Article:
Characteristics of Dicot and Monocot Stem and Root


Our objective is to prepare temporary stained glycerine mounts of transverse sections of the stem and root of Dicot and Monocot plants.


What is plant anatomy?

Stems and roots of plants are made up of different types of tissues. These tissues form different layers in the composition of stems and roots.  Plant anatomy is the general term for the study of the internal structure of plants.

To study the structural details of the stem or root of a monocot or dicot plant, it is essential to be familiarized with the sectioning and staining techniques used with plant materials.  It is also necessary to take the sections with uniform thickness so that the light passes through them equally and the different tissues found in the material are clearly visible under the microscope. To examine the tissues clearly, it is desirable to stain the section with suitable stains, as different stains colour the tissues differently.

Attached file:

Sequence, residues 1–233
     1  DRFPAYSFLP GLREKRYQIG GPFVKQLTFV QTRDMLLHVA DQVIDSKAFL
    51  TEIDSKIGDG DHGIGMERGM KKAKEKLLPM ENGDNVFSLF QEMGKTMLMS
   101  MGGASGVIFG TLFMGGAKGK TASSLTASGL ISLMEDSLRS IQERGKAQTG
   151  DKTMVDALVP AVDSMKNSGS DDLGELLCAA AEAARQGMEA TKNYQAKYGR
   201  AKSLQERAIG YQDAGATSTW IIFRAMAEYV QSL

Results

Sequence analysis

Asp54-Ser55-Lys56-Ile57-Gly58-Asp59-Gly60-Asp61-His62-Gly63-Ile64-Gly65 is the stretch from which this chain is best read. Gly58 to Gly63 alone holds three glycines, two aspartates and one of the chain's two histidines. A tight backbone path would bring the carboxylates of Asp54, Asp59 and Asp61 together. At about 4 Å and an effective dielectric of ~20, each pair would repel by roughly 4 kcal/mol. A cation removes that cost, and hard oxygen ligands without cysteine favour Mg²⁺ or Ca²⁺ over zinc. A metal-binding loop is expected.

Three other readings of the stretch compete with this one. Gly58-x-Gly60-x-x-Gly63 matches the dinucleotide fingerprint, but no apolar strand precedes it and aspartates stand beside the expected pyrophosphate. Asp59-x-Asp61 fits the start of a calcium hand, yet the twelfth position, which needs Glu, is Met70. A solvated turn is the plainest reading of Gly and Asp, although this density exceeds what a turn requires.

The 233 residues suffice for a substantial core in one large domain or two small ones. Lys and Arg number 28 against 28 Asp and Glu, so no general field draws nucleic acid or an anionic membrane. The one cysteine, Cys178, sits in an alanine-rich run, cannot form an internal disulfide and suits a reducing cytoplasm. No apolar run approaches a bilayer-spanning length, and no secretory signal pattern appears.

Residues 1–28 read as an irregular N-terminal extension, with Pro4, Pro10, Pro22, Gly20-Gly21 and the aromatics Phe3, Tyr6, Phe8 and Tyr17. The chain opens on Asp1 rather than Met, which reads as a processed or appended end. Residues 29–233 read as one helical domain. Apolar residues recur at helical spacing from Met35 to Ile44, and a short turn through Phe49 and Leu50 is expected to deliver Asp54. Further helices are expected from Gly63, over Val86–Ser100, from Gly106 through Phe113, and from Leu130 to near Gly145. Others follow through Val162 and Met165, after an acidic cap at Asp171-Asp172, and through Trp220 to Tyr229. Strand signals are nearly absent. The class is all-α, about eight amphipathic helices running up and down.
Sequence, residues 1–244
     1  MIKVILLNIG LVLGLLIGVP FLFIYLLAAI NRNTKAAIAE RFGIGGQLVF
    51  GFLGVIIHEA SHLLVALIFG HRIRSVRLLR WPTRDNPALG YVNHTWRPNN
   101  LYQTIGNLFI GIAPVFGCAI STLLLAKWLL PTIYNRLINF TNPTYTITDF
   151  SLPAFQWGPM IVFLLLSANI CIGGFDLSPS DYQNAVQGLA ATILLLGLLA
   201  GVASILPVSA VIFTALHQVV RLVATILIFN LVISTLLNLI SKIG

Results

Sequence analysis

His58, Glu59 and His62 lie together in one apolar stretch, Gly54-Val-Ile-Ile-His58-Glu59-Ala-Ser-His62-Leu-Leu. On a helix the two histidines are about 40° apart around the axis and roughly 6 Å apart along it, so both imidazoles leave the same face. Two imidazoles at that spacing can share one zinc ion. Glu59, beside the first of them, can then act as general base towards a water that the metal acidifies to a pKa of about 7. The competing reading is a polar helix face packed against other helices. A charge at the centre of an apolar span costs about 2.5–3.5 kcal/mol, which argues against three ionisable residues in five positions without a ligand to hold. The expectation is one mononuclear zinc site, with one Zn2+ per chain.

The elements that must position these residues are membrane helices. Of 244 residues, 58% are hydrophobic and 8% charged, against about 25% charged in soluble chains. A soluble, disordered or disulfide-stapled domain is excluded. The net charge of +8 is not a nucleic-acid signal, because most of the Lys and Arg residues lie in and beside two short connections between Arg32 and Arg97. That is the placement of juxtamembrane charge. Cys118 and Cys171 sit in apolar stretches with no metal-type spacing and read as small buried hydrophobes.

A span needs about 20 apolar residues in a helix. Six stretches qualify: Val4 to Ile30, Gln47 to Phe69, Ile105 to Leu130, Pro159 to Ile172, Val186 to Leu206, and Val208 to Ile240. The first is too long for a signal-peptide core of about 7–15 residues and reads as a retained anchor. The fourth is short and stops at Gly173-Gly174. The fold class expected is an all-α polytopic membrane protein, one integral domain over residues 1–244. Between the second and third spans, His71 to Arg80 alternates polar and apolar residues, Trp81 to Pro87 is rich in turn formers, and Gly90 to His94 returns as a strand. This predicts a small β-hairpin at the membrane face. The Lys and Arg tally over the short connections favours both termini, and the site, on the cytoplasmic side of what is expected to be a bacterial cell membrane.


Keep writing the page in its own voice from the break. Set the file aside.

Anatomy of Plant Stems and Roots

We will now look at the anatomy of dicot and monocot stems and roots.

Comparison of the Anatomy of Dicot  and Monocot Stems

Comparison of the Anatomy of Dicot and Monocot Roots

Points to Note

Conjoint:  Xylem and phloem occurs in same bundle.

Collateral: Phloem lies towards the outerside and xylem occurs towards the inner side.

Open: Cambium is present between phloem and xylem.

Closed: Cambium is absent between phloem and xylem.

Exarch: Protoxylem lies towards the outerside and metaxylem towards the centre.

Endarch: Metaxylem lies towards the outer side and protoxylem towards the inner side.

Learning Outcomes

  • Students learn sectioning and staining techniques used with plant materials.
  • Students learn about anatomy of monocot and dicot stems and roots.